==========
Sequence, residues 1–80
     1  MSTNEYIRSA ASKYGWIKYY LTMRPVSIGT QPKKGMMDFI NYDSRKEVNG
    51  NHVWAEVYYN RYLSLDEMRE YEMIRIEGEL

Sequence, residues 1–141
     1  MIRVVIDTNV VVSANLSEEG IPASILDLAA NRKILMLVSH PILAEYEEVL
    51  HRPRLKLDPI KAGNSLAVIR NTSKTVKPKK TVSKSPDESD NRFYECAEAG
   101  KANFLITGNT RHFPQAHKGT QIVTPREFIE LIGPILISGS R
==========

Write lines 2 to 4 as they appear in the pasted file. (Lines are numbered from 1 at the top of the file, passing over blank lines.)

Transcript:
     1  MSTNEYIRSA ASKYGWIKYY LTMRPVSIGT QPKKGMMDFI NYDSRKEVNG
    51  NHVWAEVYYN RYLSLDEMRE YEMIRIEGEL

Sequence, residues 1–141